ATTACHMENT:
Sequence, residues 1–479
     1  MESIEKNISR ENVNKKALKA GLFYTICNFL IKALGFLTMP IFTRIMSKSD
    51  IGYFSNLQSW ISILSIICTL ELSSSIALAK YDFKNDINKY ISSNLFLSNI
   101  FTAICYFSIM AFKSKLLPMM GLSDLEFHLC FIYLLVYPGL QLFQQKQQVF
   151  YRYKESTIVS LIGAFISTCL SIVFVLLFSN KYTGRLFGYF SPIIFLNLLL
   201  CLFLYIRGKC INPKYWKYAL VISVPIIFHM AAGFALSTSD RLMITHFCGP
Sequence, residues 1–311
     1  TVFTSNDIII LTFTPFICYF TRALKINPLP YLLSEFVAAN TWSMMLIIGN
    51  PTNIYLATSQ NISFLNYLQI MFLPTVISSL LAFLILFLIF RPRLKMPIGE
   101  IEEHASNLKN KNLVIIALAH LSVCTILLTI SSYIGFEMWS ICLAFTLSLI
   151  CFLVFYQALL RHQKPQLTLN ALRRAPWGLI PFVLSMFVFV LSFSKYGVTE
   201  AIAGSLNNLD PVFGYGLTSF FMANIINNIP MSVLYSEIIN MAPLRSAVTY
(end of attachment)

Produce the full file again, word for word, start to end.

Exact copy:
Sequence, residues 1–479
     1  MESIEKNISR ENVNKKALKA GLFYTICNFL IKALGFLTMP IFTRIMSKSD
    51  IGYFSNLQSW ISILSIICTL ELSSSIALAK YDFKNDINKY ISSNLFLSNI
   101  FTAICYFSIM AFKSKLLPMM GLSDLEFHLC FIYLLVYPGL QLFQQKQQVF
   151  YRYKESTIVS LIGAFISTCL SIVFVLLFSN KYTGRLFGYF SPIIFLNLLL
   201  CLFLYIRGKC INPKYWKYAL VISVPIIFHM AAGFALSTSD RLMITHFCGP
Sequence, residues 1–311
     1  TVFTSNDIII LTFTPFICYF TRALKINPLP YLLSEFVAAN TWSMMLIIGN
    51  PTNIYLATSQ NISFLNYLQI MFLPTVISSL LAFLILFLIF RPRLKMPIGE
   101  IEEHASNLKN KNLVIIALAH LSVCTILLTI SSYIGFEMWS ICLAFTLSLI
   151  CFLVFYQALL RHQKPQLTLN ALRRAPWGLI PFVLSMFVFV LSFSKYGVTE
   201  AIAGSLNNLD PVFGYGLTSF FMANIINNIP MSVLYSEIIN MAPLRSAVTY